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Constituency profile: Great Grimsby

A Labour seat since 1945 that might be about to turn blue.

Prime Minister Boris Johnson during a visit to Grimsby Fish Market (Stefan Rousseau/PA)
Prime Minister Boris Johnson during a visit to Grimsby Fish Market (Stefan Rousseau/PA)

By Ian Jones, PA

If the Conservatives win Great Grimsby this week, it will bring to an end a period of Labour representation in the constituency that has lasted without a break for 74 years.

It will also symbolise how successful the Tories have been at this election in overturning generations of political tradition in Labour’s heartlands.

Only four MPs have represented Great Grimsby since the end of the Second World War, all of them Labour – Kenneth Younger, Tony Crosland, Austin Mitchell and Melanie Onn.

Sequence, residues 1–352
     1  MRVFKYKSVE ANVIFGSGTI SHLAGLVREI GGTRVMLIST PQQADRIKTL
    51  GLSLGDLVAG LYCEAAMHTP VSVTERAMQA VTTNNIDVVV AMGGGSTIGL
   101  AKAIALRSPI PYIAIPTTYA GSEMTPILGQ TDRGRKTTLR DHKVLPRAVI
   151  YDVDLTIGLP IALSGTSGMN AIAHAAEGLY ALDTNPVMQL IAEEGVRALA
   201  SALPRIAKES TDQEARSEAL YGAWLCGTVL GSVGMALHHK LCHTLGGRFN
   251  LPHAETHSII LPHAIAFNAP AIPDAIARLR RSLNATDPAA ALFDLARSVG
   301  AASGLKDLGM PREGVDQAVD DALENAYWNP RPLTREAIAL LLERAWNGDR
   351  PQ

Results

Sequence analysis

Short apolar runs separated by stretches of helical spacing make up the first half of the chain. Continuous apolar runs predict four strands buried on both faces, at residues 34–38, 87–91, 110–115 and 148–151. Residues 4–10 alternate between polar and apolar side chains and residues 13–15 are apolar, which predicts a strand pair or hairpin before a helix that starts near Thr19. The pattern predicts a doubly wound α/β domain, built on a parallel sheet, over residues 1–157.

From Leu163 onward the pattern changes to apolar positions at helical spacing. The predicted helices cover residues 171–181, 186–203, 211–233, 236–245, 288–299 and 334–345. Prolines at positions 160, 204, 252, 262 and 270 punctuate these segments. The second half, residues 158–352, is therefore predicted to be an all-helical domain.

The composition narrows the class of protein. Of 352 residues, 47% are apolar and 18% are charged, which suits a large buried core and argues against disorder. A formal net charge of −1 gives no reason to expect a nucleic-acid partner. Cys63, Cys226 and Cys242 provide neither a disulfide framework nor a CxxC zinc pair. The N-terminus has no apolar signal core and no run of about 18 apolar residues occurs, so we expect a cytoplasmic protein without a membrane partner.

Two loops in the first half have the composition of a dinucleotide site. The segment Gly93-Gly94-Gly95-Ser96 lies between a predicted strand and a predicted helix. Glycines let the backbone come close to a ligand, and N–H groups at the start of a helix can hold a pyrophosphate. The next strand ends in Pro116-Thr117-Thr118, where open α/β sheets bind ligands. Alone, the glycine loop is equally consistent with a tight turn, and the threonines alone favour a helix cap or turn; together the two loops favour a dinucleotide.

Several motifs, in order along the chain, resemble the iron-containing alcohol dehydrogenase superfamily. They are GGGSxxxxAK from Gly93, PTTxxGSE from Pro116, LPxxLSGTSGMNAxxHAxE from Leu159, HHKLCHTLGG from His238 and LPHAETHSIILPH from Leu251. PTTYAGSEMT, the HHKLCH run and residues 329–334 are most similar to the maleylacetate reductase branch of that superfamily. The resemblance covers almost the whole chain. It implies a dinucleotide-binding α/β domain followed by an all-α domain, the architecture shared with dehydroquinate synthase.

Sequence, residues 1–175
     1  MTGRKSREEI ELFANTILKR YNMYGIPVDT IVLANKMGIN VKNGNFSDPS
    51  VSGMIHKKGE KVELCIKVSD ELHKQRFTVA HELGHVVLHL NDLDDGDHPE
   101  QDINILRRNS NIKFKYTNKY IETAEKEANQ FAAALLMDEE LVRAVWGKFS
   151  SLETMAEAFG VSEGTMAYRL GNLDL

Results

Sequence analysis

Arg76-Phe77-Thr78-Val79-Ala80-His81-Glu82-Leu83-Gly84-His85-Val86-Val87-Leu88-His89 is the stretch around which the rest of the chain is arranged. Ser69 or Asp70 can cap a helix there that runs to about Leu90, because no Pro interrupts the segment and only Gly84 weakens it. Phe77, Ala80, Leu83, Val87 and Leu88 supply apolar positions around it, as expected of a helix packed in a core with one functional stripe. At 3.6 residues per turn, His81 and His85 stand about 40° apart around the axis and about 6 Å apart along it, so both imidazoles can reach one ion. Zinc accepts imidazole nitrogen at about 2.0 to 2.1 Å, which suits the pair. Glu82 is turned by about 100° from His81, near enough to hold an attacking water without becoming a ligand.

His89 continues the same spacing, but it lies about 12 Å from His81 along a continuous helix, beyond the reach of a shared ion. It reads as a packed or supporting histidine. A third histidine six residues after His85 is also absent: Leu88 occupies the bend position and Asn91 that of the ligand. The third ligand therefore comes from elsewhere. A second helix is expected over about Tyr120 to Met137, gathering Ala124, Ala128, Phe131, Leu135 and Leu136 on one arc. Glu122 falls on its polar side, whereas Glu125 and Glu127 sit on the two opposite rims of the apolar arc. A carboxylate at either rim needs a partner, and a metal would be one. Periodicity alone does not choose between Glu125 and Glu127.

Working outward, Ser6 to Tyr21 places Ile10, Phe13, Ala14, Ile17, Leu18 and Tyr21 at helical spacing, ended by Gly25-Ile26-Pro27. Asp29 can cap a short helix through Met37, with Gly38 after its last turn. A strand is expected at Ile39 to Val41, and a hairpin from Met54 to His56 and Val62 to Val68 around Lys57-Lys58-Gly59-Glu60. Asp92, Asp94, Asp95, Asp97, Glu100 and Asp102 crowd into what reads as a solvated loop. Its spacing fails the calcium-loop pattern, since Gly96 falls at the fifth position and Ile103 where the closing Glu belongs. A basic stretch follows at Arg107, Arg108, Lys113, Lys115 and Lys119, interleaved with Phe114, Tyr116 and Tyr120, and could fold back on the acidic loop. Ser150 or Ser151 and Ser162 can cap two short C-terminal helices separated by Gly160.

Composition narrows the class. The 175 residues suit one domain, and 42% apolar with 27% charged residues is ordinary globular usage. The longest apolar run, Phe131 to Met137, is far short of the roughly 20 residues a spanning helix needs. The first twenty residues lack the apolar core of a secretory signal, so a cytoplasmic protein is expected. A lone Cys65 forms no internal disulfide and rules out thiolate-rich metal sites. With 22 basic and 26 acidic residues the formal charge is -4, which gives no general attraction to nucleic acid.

It has been a marginal seat ahead of various elections, including 1964, 1987 and 2015, but on each occasion Labour held on.

Now that might be about to change.

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(PA Graphics)

The Conservatives need a swing of 3.7% on December 12 to overturn Ms Onn’s majority of 2,565.

Polls suggest the party might be on course to take the seat with candidate Lia Nici, and by a comfortable margin.

It is an outcome that could be repeated in other constituencies across northern England with decades of Labour history.

Examples include Bishop Auckland (Labour since 1935), Wakefield (1932), Don Valley (1922) and Rother Valley (1918).

All of these seats could turn blue on December 12 if the Conservatives perform strongly.

Boris Johnson visited Great Grimsby on Monday while on the campaign trail.

If his party wins the seat this week, it will vindicate the Tories’ strategy of targeting Leave-backing Labour voters in parts of the country that have not seen Conservative MPs for generations.

Six candidates are standing in Great Grimsby: Labour, Conservative, Liberal Democrat, Green, the Brexit Party and an Independent.

PA

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